Forget the professional organizer, what I really need is a Mom.
by Kay Marner
A professional organizer—who am I kidding? What I really want is a mom. Not a mom like me—one who doesn’t keep up with the laundry, goes to bed before her 12 year old, and almost never bakes. I want a REAL mom to take care of me; to take care of my family for me.
My mom died of breast cancer when I was 13, and up until today, I’d have told you this: that her death made me extremely independent. Mature. Self-reliant. Responsible.
Today I’m looking at my life differently: I don’t want to be responsible. I’d like to buy back those missing years of my childhood. I figure I have 7 years coming to me, credits for ages 13-21. I’ll take them now, please.
In order to do so, I’ll need a mom. To buy the groceries, and cook healthy meals. To do my laundry. Deep cleaning! Wow! That would be so cool! To keep track of schedules, arrange rides. To simply be there, so I could be free to come and go.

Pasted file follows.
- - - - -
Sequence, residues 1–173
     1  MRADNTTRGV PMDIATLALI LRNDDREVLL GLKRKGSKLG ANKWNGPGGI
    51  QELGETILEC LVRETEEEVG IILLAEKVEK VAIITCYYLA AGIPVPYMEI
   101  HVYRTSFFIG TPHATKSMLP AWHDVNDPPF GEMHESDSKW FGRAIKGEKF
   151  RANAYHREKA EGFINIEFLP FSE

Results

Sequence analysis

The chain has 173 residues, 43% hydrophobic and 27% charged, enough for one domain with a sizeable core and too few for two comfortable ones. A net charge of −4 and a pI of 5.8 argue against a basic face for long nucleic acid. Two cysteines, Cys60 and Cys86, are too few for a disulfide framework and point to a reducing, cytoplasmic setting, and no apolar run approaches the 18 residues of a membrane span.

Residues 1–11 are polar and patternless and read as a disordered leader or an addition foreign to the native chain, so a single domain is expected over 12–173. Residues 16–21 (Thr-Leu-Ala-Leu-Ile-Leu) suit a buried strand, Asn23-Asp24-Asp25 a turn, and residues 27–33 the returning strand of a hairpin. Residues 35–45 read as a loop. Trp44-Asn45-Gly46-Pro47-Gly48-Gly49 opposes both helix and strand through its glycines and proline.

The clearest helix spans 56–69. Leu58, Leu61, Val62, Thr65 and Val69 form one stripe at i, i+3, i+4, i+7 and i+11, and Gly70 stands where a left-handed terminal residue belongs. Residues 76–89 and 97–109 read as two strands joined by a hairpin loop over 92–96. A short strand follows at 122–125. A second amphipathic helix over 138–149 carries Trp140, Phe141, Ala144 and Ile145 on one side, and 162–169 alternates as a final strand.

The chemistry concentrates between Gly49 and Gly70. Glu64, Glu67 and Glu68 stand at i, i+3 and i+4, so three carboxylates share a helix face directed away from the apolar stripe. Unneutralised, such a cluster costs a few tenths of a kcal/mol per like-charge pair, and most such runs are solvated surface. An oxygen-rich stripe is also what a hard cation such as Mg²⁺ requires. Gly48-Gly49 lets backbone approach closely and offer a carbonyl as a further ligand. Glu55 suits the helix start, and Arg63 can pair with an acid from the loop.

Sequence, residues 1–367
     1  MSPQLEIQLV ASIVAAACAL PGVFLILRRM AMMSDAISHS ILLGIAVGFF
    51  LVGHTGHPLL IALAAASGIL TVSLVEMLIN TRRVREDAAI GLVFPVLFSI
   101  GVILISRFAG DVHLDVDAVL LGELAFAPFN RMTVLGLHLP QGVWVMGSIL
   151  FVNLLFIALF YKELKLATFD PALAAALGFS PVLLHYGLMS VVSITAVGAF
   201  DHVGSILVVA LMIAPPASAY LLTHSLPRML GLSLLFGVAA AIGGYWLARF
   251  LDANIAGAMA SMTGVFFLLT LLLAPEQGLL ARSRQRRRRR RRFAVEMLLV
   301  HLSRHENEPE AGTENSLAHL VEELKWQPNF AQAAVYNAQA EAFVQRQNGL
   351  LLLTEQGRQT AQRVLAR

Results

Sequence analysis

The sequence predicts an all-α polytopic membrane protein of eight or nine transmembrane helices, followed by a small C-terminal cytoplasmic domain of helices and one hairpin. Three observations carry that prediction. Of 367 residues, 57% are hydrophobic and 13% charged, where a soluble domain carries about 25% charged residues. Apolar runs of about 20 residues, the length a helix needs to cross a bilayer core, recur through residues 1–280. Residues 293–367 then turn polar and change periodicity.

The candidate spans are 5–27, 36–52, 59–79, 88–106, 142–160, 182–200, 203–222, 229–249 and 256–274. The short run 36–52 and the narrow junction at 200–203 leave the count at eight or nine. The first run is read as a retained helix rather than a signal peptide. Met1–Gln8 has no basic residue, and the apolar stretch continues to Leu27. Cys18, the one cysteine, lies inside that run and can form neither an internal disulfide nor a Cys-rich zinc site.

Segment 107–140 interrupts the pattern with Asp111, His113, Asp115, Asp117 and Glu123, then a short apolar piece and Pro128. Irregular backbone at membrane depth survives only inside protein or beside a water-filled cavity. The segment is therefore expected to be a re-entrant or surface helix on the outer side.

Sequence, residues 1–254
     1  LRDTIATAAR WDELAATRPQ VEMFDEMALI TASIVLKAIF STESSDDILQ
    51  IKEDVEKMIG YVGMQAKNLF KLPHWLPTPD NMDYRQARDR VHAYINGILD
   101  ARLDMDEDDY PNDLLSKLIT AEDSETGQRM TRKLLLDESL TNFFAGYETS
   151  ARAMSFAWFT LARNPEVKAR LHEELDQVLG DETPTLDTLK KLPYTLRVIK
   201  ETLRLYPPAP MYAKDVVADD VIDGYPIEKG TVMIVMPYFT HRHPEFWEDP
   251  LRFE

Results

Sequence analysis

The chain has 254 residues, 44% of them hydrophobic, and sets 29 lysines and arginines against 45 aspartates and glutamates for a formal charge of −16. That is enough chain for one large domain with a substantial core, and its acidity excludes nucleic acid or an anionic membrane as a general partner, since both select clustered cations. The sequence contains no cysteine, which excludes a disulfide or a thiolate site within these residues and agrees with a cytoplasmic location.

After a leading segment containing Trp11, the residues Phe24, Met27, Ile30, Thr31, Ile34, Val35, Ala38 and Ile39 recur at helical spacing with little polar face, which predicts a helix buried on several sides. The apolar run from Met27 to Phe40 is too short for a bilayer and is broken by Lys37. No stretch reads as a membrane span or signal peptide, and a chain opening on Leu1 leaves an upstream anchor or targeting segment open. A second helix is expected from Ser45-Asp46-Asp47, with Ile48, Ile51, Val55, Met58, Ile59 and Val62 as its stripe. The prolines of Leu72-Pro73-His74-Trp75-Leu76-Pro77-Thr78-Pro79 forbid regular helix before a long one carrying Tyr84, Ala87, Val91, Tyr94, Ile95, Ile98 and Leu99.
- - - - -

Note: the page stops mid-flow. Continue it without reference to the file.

I’m leaving in two hours to drive to Dubuque for the Iowa Library Association conference, where I’m presenting about Project Smyles, the early literacy outreach program that I helped create for our library. I’ll be gone for three days. I arranged for babysitters, made phone calls, arranged rides. I’ll stock the fridge before I go. I’ll scoop out Smokey’s litter box. I’ll keep my cell phone charged, and I’ll call home each night.
But...someone else will prepare my meals. Change my sheets; wash my towels. I’ll watch tonight’s presidential debate uninterrupted, and I may even drink as I do so! The conference schedule will structure my days for me. Don will take care of himself and the kids.
It won’t be a slumber party. It isn’t 7 years—not even 7 days. But it will be a change of pace, a chance to recharge a little—get re-energized about work. Sometime Friday evening, somewhere on Highway 20, as I drive back to Ames, I’ll morph back into a mom. And when I do, the universe will still owe me little mothering. Somehow, someday, I intend to collect.